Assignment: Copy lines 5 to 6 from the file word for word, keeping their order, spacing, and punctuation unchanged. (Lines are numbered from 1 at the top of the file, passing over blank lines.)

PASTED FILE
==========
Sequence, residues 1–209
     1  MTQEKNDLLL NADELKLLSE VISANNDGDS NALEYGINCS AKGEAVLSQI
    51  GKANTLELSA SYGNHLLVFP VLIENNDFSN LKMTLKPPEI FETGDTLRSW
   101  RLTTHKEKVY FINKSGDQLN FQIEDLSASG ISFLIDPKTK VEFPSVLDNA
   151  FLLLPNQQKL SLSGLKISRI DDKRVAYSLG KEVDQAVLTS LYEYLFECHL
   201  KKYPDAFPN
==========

   151  FLLLPNQQKL SLSGLKISRI DDKRVAYSLG KEVDQAVLTS LYEYLFECHL
   201  KKYPDAFPN